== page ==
The Reality of Decanting a Sparkling Wine

Traditionally and historically, decanting has been a process largely limited to red wines. Many strong white wines are decanted. Some wines that are not too strong are decanted to allow the trapped aromas to blossom and be more than just a subtle sensory experience. In recent years, sparkling wine is being decanted. The finest champagnes from France or the most expensive sparkling wines from Italy, such as premium prosecco or the treasured bottles from California, are still not decanted. The decision is the discretion of a sommelier. It is the job of a sommelier to know if a particular bottle or type of sparkling wine needs to be decanted. However, what are you supposed to do when you are at your home and there is no one to tell you if a bottle of sparkling wine should be decanted or you can raise a toast immediately after uncorking it.

Sparkling wine is being treated more like regular wine nowadays. The expensive champagnes and other dearer bottles are not in this category. The more affordable sparkling wine variants are being perceived as standard wine and for good reason. The perception stems from the fact that sparkling wine produced quickly and from different kinds of indigenous grapes do benefit from steady aeration. There are many trapped aromas that can be allowed to get naturally enhanced when they get exposed to and treated with oxygen in the air. Aeration can also eliminate any unpleasant aroma that may exist in some bottles or brands of sparkling wine.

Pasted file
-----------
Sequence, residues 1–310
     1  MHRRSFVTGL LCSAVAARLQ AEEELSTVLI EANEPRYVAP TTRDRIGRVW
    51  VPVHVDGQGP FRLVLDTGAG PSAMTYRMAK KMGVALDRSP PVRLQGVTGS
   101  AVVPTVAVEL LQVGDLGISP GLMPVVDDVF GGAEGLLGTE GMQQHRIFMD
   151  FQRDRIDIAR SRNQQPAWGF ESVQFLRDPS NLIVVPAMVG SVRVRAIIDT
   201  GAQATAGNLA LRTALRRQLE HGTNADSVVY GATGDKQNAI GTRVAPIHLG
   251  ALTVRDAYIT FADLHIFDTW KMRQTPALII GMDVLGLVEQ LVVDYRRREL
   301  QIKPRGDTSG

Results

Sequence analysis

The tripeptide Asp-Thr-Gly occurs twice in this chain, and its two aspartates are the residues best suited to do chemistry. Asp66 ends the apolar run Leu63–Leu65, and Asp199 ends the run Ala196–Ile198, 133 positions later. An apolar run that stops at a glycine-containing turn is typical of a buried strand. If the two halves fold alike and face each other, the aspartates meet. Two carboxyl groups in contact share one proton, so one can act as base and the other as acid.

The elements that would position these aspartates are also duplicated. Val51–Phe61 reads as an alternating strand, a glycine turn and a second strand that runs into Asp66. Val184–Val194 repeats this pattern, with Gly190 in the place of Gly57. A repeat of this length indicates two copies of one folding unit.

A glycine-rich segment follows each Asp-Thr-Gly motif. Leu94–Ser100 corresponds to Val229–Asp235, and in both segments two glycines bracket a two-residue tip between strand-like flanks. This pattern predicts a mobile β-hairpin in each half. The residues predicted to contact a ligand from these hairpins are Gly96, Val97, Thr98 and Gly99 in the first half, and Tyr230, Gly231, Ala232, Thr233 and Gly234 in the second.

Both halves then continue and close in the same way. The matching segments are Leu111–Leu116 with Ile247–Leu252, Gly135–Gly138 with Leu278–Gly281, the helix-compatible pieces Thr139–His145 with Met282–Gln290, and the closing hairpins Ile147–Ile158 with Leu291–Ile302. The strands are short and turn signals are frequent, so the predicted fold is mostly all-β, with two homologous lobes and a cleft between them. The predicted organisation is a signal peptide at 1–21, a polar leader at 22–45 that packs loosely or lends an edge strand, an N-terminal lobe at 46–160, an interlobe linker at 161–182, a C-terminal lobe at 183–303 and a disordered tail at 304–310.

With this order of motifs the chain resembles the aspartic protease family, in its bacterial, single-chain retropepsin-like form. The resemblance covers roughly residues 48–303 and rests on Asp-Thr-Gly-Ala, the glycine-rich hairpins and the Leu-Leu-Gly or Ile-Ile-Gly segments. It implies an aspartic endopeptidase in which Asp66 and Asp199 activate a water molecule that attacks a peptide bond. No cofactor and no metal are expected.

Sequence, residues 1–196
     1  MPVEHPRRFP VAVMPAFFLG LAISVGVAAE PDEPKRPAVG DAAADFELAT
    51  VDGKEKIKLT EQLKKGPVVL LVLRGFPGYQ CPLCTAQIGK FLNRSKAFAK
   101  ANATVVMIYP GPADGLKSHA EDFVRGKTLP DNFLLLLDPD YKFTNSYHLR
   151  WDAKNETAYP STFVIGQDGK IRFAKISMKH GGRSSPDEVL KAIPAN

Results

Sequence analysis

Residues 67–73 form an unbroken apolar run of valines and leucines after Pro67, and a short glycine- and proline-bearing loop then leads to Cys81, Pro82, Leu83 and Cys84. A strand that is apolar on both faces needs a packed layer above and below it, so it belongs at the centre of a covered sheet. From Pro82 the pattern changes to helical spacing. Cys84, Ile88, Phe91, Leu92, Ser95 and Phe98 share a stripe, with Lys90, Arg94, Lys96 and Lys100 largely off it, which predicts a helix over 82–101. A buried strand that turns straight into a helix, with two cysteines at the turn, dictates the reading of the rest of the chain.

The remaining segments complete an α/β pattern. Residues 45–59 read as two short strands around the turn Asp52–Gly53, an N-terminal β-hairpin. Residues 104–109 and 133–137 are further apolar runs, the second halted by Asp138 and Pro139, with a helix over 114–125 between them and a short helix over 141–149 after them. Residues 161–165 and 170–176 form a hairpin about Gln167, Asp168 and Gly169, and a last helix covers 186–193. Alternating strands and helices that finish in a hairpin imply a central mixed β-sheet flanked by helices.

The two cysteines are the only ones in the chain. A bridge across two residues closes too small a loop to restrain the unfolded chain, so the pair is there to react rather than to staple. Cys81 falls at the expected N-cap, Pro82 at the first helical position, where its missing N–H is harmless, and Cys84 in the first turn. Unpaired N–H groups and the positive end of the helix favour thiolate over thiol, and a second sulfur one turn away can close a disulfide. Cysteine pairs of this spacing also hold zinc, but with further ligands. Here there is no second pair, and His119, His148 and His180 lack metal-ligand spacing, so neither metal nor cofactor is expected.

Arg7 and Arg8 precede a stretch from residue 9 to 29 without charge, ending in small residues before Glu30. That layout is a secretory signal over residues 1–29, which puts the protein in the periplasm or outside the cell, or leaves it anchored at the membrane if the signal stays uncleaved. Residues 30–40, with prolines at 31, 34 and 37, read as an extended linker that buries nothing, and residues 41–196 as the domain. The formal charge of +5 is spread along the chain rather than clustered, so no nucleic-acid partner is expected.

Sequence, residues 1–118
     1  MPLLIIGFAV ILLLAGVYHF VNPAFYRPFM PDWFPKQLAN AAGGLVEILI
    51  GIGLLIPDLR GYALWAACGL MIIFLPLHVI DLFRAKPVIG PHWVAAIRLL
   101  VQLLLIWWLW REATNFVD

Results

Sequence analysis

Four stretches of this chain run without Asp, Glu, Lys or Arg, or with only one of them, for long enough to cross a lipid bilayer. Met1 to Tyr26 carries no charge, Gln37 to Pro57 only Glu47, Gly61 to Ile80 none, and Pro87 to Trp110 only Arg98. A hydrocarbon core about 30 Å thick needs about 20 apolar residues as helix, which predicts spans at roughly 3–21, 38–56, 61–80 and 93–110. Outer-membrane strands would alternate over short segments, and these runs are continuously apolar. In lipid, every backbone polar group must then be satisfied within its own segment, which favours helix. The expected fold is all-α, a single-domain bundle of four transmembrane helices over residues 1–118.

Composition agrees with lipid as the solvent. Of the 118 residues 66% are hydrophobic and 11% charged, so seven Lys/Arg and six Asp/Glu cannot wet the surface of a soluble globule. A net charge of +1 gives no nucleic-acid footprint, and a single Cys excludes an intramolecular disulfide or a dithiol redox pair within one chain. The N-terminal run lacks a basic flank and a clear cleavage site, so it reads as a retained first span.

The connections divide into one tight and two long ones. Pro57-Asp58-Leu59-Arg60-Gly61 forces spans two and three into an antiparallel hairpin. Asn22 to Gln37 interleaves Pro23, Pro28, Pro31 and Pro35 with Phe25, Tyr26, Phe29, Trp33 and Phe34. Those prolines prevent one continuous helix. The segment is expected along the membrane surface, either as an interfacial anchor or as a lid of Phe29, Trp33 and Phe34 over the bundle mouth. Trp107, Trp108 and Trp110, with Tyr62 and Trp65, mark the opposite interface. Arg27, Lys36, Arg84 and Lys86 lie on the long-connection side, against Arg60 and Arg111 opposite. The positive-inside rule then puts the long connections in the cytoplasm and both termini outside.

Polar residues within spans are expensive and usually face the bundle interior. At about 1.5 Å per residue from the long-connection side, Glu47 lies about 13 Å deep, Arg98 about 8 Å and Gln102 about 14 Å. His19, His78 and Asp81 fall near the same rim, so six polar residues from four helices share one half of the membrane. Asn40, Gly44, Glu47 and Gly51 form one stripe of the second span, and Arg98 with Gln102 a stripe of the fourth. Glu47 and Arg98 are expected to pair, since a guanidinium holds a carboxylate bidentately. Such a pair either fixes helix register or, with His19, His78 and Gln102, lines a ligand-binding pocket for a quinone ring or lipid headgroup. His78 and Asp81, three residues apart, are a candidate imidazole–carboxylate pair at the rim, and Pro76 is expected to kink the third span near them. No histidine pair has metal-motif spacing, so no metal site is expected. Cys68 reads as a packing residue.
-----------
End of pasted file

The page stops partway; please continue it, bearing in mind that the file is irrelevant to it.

Sparkling wine is not usually associated with smell of rotten eggs or any majorly acidic aromas. However, the oxidative or reductive effect on the wine during its production can interfere with the intended natural or original taste. There is still a problem though. Some sparkling wines should not be decanted. It may be a little tricky to decide so it is best to decant cheap sparkling wine and to drink expensive champagnes straightaway. Sparkling wine has also undergone some tectonic changes over the years. It is no longer just used for a toast or as an aperitif. Many people drink sparkling wine with the entire meal. The wine does get naturally decanted when you keep it around for a reasonable period of time. You may or may not decant the wine separately in such cases. The wine poured onto a glass or flute would anyway get aerated in some time.

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